Changes to Flexible Working Regulations

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From 30 June 2014 the government’s extension to Flexible Working Regulations means that almost every employee has the statutory right to request Flexible Working

This article provides a guide to flexible working and outlines what you are required to do?

What is Flexible Working?
Flexible working simply means an agreed change to an employee’s working pattern. This could take various different forms including:

part time hours
job share (2 or more people sharing one role)
compressed hours (e.g working contracted hours over 4 days instead of 5)
term time (workers elect to work only during term time)
annualised hours (workers request to work a fixed number of hours over the year – these can be agreed with the line manager and may flex to accommodate employee and business requirements)
working from home (workers can request to work all or part of their hours from home)
any other flexible solution that suits your business needs.
Who can apply for it?
As a result of the changes to the law, every employee with 26 weeks’ or more service now has the right to request flexible working.

Do I have to grant flexible working?
No. The new rights mean only that employees can apply for flexible working, not that they must necessarily be granted it. There are eight grounds on which you might legally be able to refuse flexible working. These are:

An unacceptable burden of additional costs
An inability to reorganise work among existing staff
An inability to recruit additional staff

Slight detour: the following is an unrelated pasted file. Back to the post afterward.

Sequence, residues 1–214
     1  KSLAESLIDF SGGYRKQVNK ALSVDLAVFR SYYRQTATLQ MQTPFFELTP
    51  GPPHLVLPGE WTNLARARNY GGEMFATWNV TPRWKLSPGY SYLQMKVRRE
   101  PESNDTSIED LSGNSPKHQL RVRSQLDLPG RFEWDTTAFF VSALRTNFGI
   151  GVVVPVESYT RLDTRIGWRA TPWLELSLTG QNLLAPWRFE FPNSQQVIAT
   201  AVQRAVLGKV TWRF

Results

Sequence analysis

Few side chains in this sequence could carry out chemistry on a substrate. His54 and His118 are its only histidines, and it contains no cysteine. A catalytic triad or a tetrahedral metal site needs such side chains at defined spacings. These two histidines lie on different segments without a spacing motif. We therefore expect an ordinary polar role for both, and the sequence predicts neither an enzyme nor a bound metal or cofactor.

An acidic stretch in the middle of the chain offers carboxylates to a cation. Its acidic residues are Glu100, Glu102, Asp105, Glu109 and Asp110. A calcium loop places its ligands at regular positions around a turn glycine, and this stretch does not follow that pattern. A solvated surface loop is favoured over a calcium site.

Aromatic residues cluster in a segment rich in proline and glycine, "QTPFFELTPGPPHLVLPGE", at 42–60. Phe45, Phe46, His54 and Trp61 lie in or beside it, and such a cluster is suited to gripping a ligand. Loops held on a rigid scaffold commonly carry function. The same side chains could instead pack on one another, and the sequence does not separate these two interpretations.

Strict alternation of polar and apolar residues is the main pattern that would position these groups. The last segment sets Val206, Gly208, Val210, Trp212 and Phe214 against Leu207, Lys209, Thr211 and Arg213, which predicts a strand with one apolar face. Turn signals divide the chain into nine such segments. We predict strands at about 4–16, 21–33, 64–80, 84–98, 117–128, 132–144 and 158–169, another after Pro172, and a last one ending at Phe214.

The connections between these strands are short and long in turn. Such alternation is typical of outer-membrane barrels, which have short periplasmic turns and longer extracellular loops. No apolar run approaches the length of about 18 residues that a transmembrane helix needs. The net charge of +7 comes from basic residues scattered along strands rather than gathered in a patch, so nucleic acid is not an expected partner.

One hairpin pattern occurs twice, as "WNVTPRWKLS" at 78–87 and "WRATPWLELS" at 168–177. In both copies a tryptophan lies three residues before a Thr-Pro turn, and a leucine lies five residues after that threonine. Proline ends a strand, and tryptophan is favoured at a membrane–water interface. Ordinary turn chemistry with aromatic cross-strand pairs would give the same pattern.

A detrimental impact on quality
A detrimental impact on the business’ ability to meet customer demand
A detrimental impact on performance
Insufficient work during the periods the employee proposes to work
Planned structural changes to the business that are incompatible with the proposed flexible working.
These reasons have not changed; these are the same grounds on which you could refuse a flexible working application under previous rules.

How should I deal with an application?
The law says that you must deal with applications in a “reasonable manner”.

In practice, this means that you should hold a meeting with the employee to discuss their proposals, and genuinely consider if it could work within the business, it is important to look at both the benefits to the business as well as the barriers.

You may consider 3 possible outcomes

Accept the application for flexible working
Accept with modifications – i.e propose a modified solution that would better suit the needs of the business.
Decline the application – citing one or more of the reasons listed above
Once a decision has been reached you should notify them of your decision as soon as possible in writing – and at least within three months.

If you decide not to grant the request, you must give a clear business case for doing so, citing one or more of the reasons listed above.

The employee has the right to appeal this decision if they do not believe it has been reached fairly.

What if multiple employees apply for flexible working?
Employers are not legally obliged to make a “value judgement” about competing flexible working requests. Instead, each case must be considered on its merits. Requests should be considered in the order they are received. The government’s Advisory, Conciliation and Arbitration Service (Acas) recommends that employers might discuss the conflict with the relevant employees in order to come to a compromise and, when this is not possible, ask whether they would be happy to use a method of random selection.

More to explore

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You’ve probably heard the term ‘constructive dismissal’ before, but are you clear on what it actually means? Constructive dismissal is the term that applies when

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